Contemporary electronic music is firmly rooted in Germany – I guess no one will argue that.

So is No Accident in Paradise, a four person “Live Ambient System”, or freeform ambient music project. 

No Accident in Paradise combines live electronics and keyboards with sampled electronic music recordings and rather stunning visuals by Robert Seidel. They perform at unusual locations that perfectly fit their music: check the video of the Therme Bad Schandau performance (below) for a good impression!

Their sets are carefully crafted, and the music is a well-balanced combination of sampled material and live improvisations.
You may hear fragments of sounds that are vaguely familiar, but in a new context. The keyboard improvisations add the additional live element that so much electronic performances lack.

Two live mixes (totalling 3 hours) can be downloaded from their site

Musically, No Accident in Paradise covers a wide range of ambient/electronic styles. At some moments, there’s Tangerine Dream-like sequenced patterns (the closing sequence of the Bad Schandau set brought back fond memories of a long forgotten Edgar Froese record).
But there’s also drones, environmental sounds… sometimes the rhythm track builds up to a ‘loungey’ feel, but then again slowly dissolves into immersive ambient sounds.

Three hours is a long time, but I had no problem listening to these sets without losing interest. So they’re definitely worth the download!

Probably, this NAIP crew will not easily be found performing outside of Germany. Viewing the video of the live set in Bad Schandau, is a satisfying alternative.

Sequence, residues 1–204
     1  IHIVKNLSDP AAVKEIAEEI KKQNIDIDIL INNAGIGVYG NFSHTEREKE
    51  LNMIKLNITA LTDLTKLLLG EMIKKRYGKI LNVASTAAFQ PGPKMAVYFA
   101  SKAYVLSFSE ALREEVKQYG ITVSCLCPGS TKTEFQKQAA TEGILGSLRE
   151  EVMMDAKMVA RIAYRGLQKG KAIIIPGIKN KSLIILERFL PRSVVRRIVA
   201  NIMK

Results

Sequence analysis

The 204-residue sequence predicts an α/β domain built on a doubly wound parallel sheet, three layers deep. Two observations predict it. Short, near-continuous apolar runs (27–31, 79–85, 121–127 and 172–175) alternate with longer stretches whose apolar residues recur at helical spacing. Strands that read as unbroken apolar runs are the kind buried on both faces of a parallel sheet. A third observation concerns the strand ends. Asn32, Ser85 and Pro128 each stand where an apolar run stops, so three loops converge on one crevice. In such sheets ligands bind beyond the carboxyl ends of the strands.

You can find their live recordings at
and the live session visuals at

… or just start by visiting the No Accident In Paradise website

NO ACCIDENT IN PARADISE live @ Liquid Sound 2009

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Robert Henke – Atom/Document


Robert Henke - Atom 

Robert Henke’s previous works (Layering Buddha / Signal to Noise / Piercing Music / Floating Point – not to mention Monolake’s music) almost makes “Atom/Document” a blind buy.
However, the music on this new album is quite different from the previous releases. So be prepared!

The album opens with […flicker] spreading a massively deep drone. But the drone only returns in [convex], and in the closing track [_exit]…and there’s quite a lot of beating, pounding and clanking inbetween.

The origin of this percussive sounds lie in the performance it is part of: Atom, created by Christopher Bauder.
A performance like this must be quite an unforgettable experience: imagine a matrix of 8×8 helium balloons, illuminated from within with LED’s and creating patterns directly related to the musical signals.
That’s a strict conceptual rule: each percussive element triggers a LED. (There are also floating elements, without any direct connections to the leds).

The computer controlled height and light of the helium balloons, in strict relation to the sounds you hear, will undoubtedly be very very impressive.
(There’s a video on the robert henke website to give an impression. Never mind the sound of that, just look).

But that’s exactly why this should have been a (surround sound) DVD! Isolating the sound from this performance leaves only one third of the experience!

Is the music alone interesting enough? That, of course, is a matter of taste. There’s some seemingly generative high pitched piano motives on [shift_register] and [first_contact], dubby techno hiss rhythms on [metropol] and [diagonal]….
Interesting enough, but in the end the deep electronic drone of [_flicker] and [_exit] work best for me. 
My advice: listen to the full release before you decide to buy. And keep your fingers crossed for an Atom performance in your neighbourhood.